Informatika Slovak University of Technology Faculty of Material Science

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					Slovak University of Technology
Faculty of Material Science and Technology in Trnava

                 Manager ethics

    Discrimination and Equal Opportunity
 What is discrimination?
 How can we identify discrimination as the
  cause of racial disparities?
 What policies have been implemented to
  reduce discrimination?
What is discrimination?
   Three elements:
     Factual   element: any distinction, exclusion or
     Prohibited grounds: race, colour, sex, religion,
      political opinion, national extraction, social
      origin and any other ground identified at the
      national level
     Negative effect on equality of opportunity and
      treatment (whether or not intended)
What is discrimination?
   Any discrimination whether it is
     In law or in practice
     Direct or indirect
Examples: Direct discrimination
   Job advertisement excluding applicants of
    a certain gender, age or complexion
   Practice of hiring only persons of a certain
   Exclusion from certain public sector jobs
    due to political opinion, religion or ethnic
Examples: Direct discrimination

   Exclusion of women to enter the police
    force or fire brigades
   Restricting working time of women, e.g.
   Restricting women’s access to certain
Indirect discrimination
   Apparently neutral law or practice which
    has a disproportionate negative impact on
    a particular group protected by the
    Convention or by national legislation, and
    which has no objective job-related
Indirect discrimination
 Height or language requirements that are
  unrelated to job
 Working time arrangements that impair
  equal opportunities of persons with family
 Exclusion from domestic worker from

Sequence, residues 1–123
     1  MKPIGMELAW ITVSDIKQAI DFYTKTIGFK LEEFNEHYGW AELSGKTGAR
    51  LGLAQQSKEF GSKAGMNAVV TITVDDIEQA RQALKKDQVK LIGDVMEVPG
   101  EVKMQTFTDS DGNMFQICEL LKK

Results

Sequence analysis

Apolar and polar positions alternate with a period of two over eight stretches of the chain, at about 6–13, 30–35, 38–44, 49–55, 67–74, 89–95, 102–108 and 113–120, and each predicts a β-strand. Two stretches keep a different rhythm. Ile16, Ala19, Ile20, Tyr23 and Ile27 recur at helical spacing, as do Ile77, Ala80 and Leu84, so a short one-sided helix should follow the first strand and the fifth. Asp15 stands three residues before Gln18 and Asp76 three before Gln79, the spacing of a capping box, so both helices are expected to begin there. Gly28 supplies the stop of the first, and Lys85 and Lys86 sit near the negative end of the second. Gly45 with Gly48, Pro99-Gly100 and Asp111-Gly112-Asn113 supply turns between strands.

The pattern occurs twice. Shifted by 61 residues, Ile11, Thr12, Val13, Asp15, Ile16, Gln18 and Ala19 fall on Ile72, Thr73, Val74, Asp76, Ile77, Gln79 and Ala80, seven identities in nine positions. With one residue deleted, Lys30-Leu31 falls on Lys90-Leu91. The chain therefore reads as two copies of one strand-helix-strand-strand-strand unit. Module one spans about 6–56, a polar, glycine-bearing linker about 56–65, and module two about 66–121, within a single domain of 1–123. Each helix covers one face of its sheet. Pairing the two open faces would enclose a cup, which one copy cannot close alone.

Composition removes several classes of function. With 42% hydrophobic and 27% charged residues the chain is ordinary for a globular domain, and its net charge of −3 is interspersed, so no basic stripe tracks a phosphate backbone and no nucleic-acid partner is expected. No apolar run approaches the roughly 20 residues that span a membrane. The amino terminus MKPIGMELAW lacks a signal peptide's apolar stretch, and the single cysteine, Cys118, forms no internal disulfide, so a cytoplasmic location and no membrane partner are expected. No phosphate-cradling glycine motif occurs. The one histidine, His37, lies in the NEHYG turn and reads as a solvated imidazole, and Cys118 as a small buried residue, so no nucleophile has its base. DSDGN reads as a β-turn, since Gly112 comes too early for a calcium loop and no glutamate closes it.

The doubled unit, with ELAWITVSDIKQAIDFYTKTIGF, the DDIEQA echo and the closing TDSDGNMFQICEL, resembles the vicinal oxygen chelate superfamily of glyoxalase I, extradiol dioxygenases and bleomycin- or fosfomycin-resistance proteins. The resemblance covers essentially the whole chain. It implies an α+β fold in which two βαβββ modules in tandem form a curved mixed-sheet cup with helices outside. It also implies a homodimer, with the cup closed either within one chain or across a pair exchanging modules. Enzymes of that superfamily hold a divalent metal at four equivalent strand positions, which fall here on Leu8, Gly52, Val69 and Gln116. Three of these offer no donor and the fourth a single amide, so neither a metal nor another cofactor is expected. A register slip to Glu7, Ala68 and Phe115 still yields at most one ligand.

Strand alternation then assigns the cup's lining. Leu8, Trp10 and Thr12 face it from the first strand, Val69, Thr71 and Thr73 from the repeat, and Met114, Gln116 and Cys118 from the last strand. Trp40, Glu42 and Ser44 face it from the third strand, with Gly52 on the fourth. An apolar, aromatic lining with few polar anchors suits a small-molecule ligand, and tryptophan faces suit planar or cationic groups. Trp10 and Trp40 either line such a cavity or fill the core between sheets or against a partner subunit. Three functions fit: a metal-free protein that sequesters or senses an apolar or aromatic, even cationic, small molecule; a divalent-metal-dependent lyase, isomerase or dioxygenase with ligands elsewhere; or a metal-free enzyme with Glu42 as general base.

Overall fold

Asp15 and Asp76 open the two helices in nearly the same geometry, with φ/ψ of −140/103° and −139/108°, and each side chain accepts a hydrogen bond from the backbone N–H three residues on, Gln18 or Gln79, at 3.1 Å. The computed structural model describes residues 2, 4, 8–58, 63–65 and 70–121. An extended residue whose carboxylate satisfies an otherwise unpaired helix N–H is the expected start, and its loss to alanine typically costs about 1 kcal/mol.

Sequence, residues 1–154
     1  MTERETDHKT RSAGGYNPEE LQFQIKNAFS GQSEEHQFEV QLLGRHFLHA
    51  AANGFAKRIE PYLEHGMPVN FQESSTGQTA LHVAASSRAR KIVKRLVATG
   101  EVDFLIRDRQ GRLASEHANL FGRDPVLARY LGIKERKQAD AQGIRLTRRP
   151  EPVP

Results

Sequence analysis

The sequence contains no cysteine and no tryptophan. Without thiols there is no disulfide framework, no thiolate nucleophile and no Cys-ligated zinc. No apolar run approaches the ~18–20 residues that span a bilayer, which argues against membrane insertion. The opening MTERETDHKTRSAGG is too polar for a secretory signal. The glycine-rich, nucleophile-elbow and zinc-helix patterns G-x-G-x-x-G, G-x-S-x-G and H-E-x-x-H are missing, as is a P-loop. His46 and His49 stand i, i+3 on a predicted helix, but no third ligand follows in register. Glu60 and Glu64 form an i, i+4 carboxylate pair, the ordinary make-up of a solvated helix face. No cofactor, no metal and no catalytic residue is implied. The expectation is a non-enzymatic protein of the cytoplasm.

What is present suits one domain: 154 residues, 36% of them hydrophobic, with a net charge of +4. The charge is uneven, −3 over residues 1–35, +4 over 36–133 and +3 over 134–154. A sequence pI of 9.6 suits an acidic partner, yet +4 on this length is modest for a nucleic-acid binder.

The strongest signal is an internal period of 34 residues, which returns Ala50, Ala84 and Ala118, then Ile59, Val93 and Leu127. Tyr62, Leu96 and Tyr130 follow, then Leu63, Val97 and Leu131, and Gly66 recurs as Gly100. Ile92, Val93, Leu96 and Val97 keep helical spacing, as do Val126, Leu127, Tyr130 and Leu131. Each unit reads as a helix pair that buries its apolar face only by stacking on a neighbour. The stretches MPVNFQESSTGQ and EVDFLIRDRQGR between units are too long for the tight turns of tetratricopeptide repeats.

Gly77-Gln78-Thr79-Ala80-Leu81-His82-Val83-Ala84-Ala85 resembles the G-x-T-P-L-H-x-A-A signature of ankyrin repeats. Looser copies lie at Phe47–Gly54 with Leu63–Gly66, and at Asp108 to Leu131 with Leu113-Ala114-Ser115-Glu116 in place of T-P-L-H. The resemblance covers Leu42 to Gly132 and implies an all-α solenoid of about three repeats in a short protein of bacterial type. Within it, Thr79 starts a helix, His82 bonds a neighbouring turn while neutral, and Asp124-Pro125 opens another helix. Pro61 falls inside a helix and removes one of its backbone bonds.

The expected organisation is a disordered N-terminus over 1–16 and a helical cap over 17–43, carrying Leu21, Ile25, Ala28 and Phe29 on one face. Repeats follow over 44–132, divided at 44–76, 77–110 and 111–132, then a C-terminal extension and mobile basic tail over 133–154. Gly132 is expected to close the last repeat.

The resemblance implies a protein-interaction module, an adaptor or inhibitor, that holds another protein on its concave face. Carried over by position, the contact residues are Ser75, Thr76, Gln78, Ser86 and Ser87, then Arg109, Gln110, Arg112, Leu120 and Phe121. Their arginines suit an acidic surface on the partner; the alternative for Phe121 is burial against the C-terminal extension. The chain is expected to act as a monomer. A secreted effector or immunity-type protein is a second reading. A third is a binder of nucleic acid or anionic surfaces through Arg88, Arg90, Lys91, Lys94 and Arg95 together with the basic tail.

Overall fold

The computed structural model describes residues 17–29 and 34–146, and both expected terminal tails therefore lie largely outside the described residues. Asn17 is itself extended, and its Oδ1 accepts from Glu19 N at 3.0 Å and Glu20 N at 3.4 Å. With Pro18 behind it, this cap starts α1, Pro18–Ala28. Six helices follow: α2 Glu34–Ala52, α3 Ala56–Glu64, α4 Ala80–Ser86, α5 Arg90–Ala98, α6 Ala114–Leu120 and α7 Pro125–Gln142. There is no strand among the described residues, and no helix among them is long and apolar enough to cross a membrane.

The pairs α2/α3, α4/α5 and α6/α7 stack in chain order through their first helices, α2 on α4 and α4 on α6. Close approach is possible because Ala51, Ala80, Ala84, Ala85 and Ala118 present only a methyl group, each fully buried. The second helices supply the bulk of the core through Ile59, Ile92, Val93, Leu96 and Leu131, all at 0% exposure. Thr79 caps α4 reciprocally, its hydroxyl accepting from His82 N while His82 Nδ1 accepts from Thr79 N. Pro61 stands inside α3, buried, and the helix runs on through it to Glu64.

labour legislation
Prohibited grounds of discrimination:
   Sex/gender discrimination
   Race and colour
   National extraction
   Political opinion
   Social origin
   Religion
   Age
   Disability
   State of health
   Family responsibilities
   Sexual orientation
   Nationality
   Trade union affiliation
What is not discrimination?
   Inherent requirements of the job

   Measures affecting an individual who is
    suspected of or engaged in activities prejudicial
    to the security of the State

   Special measures of protection and assistance
The pay gap
   Productivity related differences

   Job availability

   Job selection

   Pay structure

   Perceived labour costs

   Lack of awareness
Permissible pay differences
 Based on objective differences in the work

 Based on non-sex-based factors such as:
   Seniority
   Education
   Qualifications
   Experience
   Productivity
Methods of wage determination:
   Legislation
   Public service wage classifications
   Collective agreements
   Wage directives from wage boards
   Custom and practice
   Individual contracts
The ILO and equality
   “All human beings, irrespective of race,
    creed or sex, have the rights to pursue
    both their material well-being and their
    spiritual development in conditions of
    freedom and dignity, of economic security
    and equal opportunity”
ILO principles of equality of
opportunity and treatment
between men and women

It is a matter of human rights.
It is a matter of social justice and poverty
It is a matter of social and economic
Gender mainstreaming
 It is the strategy of introducing a gender
  perspective in all areas and at all levels.
 Any policy, project, programme and
  activity must integrate the gender
  dimension as an integral component of the
  pursued strategy.
Common forms of discrimination

   Jobs or occupations with a female denomination

   Under-evaluation of certain jobs or occupations

   Invisibility of the qualities, tasks, skills & efforts

   Vertical & horizontal occupational segregation
Thank you for your attention.


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